"The American Academy of Pediatrics has a form that we fill out for all our food allergy patients," Blumberg said. "It tells the people at the school … how to treat different kinds of reactions. For instance, if you have hives, you don't need to give a shot. … If you start vomiting or have shortness of breath or difficulty swallowing, then you need to give that shot immediately."

There should be two epinephrine autoinjectors available, Blumberg said.

"They need two EpiPens together because, in about 25 to 30 percent of bad reactions, the second shot is necessary," Blumberg said.

"If the first shot doesn't work, five to 10 minutes later you give the second shot. Obviously, as soon as you give the first shot, you are either calling 911 or on the way to the emergency room," Blumberg said.

According to the Virginia Department of Education's Specialized Health Care Procedures Manual, "all school personnel who have contact with the student with food allergies should know how to decrease the risk of allergic reactions and how to activate the Food Allergy Action Plan or established school emergency plan for the student."

The manual also states that any student prescribed epinephrine should have an individualized health care plan that discusses monitoring, emergency plans and evaluation.

Epinephrine autoinjectors are prescription medicines. Some schools may allow older children to carry their own EpiPens, but elementary schools may have the devices stored for emergency access.

The Fairfax-based Food Allergy & Anaphylaxis Network is backing legislation that would include epinephrine injectors in school first-aid kits, available to respond to any child having a severe allergic reaction. One study estimates that 25 percent of food allergy reactions in schools occur in kids previously undiagnosed.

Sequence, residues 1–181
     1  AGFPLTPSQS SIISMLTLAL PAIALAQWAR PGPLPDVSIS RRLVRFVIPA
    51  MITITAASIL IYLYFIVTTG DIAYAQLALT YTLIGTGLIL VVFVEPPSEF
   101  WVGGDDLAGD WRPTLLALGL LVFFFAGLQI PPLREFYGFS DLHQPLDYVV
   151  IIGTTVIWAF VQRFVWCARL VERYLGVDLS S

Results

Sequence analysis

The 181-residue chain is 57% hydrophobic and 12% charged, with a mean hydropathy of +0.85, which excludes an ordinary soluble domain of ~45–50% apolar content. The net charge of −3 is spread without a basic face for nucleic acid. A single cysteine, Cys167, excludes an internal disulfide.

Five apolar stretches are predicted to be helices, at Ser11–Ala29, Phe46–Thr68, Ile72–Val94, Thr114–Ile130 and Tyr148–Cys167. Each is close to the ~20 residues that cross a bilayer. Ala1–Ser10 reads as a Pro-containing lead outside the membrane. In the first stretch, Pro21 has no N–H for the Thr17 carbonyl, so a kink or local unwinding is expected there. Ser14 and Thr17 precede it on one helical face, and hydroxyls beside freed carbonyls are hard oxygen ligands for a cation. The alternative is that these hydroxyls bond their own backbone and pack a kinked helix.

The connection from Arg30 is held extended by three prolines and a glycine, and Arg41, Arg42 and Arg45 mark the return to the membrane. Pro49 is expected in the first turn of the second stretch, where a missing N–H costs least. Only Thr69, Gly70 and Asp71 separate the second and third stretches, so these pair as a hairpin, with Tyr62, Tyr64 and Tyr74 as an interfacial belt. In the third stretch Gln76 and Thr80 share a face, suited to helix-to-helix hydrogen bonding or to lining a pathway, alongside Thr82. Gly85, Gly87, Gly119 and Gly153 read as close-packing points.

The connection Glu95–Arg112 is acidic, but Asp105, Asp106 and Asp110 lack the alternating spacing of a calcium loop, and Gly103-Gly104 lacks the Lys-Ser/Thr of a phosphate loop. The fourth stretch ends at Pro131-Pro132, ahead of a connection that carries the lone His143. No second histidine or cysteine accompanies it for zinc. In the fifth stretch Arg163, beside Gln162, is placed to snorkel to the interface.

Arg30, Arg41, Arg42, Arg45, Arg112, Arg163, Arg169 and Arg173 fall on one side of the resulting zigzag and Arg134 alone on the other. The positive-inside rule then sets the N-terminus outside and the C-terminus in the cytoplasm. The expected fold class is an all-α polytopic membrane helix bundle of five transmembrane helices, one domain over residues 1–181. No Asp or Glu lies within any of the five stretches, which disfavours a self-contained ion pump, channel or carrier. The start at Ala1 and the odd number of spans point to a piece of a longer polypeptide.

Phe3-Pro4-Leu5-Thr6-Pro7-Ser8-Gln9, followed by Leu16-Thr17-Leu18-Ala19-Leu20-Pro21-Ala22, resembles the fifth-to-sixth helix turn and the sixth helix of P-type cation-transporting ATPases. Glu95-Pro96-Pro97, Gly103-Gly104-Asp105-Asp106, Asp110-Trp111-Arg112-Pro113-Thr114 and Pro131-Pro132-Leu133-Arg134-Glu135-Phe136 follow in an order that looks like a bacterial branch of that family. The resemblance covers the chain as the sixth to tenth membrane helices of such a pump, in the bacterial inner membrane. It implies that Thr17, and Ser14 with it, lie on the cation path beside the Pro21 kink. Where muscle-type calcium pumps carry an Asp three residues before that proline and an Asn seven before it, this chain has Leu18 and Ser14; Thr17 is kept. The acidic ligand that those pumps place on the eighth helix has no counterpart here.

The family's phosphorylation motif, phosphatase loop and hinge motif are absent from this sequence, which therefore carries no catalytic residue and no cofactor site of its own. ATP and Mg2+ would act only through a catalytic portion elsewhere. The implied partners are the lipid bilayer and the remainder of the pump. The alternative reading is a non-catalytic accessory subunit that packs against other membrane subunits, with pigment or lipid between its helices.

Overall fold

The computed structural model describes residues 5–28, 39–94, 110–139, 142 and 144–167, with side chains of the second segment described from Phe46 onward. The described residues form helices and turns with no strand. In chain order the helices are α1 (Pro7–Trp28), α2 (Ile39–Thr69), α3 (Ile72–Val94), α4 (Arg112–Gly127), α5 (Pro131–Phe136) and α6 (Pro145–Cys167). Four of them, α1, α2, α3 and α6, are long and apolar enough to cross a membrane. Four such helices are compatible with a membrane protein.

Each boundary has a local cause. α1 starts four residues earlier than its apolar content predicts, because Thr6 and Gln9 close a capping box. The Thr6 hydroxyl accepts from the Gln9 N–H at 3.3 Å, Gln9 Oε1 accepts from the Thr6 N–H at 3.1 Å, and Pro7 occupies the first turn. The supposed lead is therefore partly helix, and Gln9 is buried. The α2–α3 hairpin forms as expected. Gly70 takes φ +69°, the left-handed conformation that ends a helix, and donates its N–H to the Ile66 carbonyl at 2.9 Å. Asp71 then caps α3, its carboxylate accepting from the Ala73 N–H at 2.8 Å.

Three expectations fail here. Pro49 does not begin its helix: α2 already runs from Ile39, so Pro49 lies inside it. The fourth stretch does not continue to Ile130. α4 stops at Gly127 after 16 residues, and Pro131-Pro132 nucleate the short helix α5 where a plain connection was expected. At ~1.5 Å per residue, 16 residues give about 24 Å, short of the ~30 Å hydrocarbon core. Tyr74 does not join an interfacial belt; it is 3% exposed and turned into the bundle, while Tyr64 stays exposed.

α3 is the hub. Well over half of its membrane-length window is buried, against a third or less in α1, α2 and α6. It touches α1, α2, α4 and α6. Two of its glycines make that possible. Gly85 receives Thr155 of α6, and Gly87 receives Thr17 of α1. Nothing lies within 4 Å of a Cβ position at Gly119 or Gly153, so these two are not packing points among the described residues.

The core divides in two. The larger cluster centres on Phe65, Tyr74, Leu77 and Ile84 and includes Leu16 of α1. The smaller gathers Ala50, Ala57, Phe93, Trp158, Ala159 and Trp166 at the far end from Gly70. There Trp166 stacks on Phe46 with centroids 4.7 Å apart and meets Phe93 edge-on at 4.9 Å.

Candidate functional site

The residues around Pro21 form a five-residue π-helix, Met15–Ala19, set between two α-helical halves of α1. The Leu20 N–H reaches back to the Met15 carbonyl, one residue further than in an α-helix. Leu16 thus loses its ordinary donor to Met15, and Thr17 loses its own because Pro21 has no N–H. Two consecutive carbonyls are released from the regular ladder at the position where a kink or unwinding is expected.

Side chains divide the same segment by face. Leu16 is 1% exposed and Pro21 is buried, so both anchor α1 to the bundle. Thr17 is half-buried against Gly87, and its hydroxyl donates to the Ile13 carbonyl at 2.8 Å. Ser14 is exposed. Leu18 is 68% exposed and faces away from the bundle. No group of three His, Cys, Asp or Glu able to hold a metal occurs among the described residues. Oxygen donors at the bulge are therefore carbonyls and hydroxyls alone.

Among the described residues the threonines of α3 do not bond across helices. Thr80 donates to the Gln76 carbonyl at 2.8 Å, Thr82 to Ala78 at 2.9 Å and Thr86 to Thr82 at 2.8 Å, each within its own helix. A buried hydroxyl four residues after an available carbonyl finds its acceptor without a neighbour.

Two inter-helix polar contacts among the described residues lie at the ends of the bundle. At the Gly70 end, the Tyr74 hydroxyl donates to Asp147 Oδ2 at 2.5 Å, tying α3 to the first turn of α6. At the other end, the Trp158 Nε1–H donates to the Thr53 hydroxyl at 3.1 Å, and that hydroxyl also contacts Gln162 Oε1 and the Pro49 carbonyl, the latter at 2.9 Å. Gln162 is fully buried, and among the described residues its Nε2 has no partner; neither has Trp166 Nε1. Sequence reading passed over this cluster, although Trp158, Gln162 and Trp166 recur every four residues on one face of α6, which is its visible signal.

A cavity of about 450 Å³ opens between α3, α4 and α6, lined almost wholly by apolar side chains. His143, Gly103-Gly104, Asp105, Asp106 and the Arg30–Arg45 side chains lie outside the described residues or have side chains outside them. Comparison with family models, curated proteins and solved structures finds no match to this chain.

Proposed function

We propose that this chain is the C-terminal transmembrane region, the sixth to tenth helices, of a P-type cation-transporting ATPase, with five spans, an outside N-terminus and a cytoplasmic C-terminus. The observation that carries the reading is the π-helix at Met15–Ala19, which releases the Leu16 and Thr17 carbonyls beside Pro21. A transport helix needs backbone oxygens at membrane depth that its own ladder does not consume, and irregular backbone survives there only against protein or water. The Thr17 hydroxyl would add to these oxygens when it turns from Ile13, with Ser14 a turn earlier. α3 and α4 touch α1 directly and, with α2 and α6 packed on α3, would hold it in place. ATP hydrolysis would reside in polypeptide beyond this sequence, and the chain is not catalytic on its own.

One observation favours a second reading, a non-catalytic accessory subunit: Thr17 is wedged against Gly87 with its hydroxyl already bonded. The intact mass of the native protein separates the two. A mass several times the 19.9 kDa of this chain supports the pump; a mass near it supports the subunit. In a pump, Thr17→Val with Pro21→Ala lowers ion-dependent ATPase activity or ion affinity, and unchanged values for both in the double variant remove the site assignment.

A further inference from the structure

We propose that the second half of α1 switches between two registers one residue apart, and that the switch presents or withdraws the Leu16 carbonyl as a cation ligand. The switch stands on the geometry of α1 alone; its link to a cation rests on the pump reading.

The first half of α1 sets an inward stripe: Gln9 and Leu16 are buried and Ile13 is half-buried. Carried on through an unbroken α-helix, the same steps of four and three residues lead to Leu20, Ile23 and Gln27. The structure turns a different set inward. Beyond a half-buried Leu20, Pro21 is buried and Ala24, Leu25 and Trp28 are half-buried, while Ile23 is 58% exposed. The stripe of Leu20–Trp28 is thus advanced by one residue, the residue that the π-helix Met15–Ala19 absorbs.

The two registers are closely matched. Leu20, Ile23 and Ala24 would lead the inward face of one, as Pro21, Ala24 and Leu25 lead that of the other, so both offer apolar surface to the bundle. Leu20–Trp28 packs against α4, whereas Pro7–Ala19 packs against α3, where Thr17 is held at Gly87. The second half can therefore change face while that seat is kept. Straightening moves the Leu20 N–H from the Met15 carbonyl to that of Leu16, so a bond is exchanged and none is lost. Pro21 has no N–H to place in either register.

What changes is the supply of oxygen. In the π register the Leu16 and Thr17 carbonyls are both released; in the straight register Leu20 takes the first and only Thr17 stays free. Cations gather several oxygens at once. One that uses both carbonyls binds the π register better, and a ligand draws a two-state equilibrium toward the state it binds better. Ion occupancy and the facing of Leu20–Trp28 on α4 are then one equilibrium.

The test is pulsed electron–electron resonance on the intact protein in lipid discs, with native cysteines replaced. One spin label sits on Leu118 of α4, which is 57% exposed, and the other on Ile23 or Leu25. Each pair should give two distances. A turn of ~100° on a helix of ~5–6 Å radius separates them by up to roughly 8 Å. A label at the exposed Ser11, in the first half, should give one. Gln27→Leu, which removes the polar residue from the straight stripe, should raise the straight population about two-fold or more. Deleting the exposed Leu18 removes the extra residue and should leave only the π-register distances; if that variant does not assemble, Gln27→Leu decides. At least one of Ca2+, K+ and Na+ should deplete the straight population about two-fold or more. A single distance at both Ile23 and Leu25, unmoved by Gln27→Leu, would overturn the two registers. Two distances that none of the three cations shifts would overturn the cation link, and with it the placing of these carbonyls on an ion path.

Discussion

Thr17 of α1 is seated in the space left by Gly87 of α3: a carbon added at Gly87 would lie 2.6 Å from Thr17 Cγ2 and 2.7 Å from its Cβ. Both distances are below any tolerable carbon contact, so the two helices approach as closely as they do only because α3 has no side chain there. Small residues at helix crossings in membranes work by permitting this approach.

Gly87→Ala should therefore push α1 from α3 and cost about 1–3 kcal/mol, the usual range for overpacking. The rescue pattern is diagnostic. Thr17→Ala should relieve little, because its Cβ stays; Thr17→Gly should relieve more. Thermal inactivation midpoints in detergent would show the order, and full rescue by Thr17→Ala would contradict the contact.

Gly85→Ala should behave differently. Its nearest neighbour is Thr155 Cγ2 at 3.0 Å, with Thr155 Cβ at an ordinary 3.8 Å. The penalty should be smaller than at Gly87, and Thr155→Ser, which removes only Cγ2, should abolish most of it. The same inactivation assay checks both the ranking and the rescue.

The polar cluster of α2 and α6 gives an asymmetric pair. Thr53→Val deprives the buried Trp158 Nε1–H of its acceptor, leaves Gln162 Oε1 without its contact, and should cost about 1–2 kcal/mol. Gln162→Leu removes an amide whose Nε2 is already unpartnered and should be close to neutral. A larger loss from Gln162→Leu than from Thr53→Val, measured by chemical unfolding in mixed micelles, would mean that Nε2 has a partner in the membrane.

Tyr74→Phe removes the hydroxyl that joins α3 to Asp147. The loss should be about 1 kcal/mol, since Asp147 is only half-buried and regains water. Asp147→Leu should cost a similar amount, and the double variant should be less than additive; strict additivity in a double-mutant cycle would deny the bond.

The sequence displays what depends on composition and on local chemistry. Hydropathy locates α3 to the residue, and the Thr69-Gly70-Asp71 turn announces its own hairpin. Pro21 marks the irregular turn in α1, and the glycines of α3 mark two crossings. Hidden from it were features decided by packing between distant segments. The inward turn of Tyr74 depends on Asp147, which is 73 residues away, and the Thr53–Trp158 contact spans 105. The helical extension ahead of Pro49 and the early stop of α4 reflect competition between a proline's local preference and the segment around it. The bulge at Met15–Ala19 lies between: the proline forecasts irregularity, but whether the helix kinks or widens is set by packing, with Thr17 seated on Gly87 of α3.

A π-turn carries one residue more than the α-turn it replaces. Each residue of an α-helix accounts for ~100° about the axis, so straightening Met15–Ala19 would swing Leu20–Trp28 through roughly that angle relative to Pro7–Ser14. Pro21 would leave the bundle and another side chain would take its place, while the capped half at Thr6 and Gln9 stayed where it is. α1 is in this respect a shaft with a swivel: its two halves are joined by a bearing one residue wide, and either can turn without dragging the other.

Maria L. Acebal, CEO of the network, said school preparedness to deal with such emergencies run the gamut.

"One thing we most strongly advocate is training for (school) staff on food allergy safety," Acebal said. "If you review it annually, it will start to become second nature."

"I come to this job as a food allergy mom," said Acebal, whose 10-year-old daughter was diagnosed with a food allergy at age 2.

"For all of us parents with a food-allergic child, it's our worst fear come true — to get that phone call from the school," Acebal said. "All of us that have a child with this condition, we know the second our cellphone rings during school hours we check to make sure it's not the school."

Federal regulations say that schools participating in a federally funded school nutrition program "may make substitutions for non-disabled students with medically-certified dietary needs."

A form is also required to be completed and submitted to the school nutrition program for each student with special dietary needs.

Charles B. Pyle, a spokesman for the state Education Department, said the department also refers school divisions to the Food Allergy and Anaphylaxis Network for guidance.

The department also encourages local school divisions to develop policies and procedures to care for students with food allergies. Eight resources are provided to aid school divisions.